Create a new frontend extension#


There are two types of extensions in JupyterLite:

  • frontend extensions

  • server extensions

Frontend extensions are JupyterLab extensions, and are meant to extend the interfaces and functionalities of the JupyterLab and Notebook UIs.

Example of such extensions are:

In this guide, we cover frontend extensions. If you would like to create a server extension, check out Server Extension Guide.

Creating the extension#

Since JupyterLite reuses the same extension system as in JupyterLab, you can develop the extension the same way as you would develop a normal JupyterLab extension.

Create a new environment#

A best practice is to create a new environment for working on the extension. You can use mamba for this:

mamba create -n my-jupyterlite-extension -c conda-forge python nodejs
mamba activate my-jupyterlite-extension

Follow the Extension Tutorial#

Follow the Extension Tutorial to get started.

After the tutorial, you should have a new local folder with the extension activate in JupyterLab.

Load the extension in JupyterLite#

By default JupyterLite is able to find JupyterLab extensions installed in the same environment under PREFIX/share/labextensions.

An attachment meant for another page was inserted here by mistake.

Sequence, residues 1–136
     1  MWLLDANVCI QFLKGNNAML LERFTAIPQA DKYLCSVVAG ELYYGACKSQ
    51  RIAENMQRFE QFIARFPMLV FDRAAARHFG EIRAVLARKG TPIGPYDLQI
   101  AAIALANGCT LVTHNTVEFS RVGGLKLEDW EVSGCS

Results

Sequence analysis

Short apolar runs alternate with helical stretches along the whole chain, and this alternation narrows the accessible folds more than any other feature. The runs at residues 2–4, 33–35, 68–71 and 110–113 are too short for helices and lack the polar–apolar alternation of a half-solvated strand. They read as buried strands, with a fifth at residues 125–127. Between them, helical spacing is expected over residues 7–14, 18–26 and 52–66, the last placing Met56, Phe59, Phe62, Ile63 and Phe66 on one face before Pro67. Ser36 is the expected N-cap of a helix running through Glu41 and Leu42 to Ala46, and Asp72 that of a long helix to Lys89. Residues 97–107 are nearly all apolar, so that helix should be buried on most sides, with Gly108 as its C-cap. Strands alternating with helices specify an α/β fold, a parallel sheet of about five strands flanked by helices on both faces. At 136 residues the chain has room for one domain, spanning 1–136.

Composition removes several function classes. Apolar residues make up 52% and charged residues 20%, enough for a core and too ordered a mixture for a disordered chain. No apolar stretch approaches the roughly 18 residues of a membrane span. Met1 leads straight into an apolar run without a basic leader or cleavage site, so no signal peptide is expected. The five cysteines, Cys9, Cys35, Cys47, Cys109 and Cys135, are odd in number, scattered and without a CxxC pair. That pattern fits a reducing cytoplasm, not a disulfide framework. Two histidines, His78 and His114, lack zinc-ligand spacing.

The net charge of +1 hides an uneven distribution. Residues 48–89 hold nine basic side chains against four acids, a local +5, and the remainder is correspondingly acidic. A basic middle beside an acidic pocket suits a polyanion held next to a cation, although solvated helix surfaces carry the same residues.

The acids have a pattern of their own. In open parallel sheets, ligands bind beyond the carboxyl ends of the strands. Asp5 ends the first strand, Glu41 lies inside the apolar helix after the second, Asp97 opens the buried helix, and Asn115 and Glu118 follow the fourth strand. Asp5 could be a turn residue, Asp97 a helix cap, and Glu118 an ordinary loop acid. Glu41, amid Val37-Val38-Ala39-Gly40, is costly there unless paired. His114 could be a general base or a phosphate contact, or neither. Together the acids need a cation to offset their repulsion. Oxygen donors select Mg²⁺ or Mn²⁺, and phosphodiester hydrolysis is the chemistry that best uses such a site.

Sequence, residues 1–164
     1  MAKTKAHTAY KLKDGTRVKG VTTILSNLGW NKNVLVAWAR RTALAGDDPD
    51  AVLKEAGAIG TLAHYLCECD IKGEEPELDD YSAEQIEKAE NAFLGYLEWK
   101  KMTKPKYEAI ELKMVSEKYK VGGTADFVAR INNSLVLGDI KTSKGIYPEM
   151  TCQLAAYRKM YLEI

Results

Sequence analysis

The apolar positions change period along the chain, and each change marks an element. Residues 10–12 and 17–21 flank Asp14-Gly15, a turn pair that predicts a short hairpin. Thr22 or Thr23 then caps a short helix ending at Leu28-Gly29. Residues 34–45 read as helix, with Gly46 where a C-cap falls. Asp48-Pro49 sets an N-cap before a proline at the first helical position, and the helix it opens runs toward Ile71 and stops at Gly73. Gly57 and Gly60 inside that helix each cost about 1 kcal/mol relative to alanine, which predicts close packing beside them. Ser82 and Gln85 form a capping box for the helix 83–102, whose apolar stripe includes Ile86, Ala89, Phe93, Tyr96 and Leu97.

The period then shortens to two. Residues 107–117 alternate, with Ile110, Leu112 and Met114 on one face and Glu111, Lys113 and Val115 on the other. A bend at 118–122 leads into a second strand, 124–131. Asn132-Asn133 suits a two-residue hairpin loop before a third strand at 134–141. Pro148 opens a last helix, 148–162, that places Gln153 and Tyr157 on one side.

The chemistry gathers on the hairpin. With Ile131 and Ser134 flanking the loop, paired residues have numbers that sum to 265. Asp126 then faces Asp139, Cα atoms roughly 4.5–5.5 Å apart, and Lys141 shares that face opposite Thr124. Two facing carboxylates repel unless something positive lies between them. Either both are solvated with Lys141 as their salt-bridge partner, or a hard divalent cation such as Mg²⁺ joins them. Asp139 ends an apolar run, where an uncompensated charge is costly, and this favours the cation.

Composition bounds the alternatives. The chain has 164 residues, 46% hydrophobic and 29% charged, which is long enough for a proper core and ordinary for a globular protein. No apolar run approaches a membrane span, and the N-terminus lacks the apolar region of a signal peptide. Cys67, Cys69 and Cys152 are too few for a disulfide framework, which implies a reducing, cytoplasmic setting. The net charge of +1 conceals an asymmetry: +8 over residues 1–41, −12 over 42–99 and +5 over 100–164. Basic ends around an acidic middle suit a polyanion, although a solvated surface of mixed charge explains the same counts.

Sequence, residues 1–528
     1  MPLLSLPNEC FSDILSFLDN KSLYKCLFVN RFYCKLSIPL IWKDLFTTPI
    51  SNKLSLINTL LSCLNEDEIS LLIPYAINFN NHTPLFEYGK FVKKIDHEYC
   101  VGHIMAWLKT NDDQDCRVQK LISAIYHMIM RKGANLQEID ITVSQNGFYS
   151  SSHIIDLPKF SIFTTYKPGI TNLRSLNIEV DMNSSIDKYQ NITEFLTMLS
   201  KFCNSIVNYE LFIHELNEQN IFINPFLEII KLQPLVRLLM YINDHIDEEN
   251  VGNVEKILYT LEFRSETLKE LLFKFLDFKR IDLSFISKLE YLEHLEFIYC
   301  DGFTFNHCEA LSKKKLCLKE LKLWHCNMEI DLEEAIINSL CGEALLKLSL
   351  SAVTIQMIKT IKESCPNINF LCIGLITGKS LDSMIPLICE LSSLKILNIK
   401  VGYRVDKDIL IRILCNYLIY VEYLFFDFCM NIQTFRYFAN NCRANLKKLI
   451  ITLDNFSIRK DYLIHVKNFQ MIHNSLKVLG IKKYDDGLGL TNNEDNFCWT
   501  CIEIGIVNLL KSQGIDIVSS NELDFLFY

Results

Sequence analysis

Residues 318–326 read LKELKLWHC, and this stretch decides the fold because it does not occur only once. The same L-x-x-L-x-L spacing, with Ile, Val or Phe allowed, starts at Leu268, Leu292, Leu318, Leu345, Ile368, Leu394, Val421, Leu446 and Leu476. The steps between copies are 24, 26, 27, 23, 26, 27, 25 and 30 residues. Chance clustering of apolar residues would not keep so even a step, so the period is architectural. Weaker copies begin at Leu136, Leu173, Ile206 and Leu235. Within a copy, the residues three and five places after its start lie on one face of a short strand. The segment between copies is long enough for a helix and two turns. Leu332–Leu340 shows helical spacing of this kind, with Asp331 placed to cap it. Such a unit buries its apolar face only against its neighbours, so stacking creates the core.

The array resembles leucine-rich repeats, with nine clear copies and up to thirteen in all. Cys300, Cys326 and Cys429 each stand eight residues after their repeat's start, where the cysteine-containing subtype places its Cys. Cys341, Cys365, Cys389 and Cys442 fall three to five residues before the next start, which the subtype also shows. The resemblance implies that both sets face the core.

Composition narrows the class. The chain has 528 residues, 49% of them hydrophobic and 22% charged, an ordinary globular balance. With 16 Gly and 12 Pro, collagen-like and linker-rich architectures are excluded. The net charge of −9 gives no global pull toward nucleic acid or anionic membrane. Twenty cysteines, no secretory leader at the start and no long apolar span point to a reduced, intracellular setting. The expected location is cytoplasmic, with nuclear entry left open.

The jupyterlite-core CLI does this automatically by default. In your local environment:

  1. Install the jupyter lite CLI with: pip install jupyterlite-core

  2. Build the website: jupyter lite build. In the build logs you should see something like the following that indicates the extension was correctly found and copied:

.  pre_build:federated_extensions:copy:ext:jupyterlab_apod
  1. Serve the website: jupyter lite serve

Then open your browser at http://localhost:8000 and you should be able to see the Astronomy Picture of the Day (APOD) extension loaded:


If you iterate and make new changes to the extension:

  • Rebuild the extension with jlpm run build

  • Re-run jupyter lite build

  • Refresh the page


By default the jupyterlite-core package does not include any kernels. If you would like to have a Python kernel available in your test JupyterLite deployment, you can install the jupyterlite-pyodide-kernel package with pip, or add it to your list of dependencies. There is also a JavaScript kernel available via the jupyterlite-javascript-kernel package.

Publishing the extension#

Once you have your extension running you might want to publish to PyPI so it can be installed by other folks.

By default the extension created from the cookiecutter is compatible with the Jupyter Releaser.

The Jupyter Releaser simplifies the release process and ensure best practices.

You can learn more about publishing the extension on the JupyterLab documentation.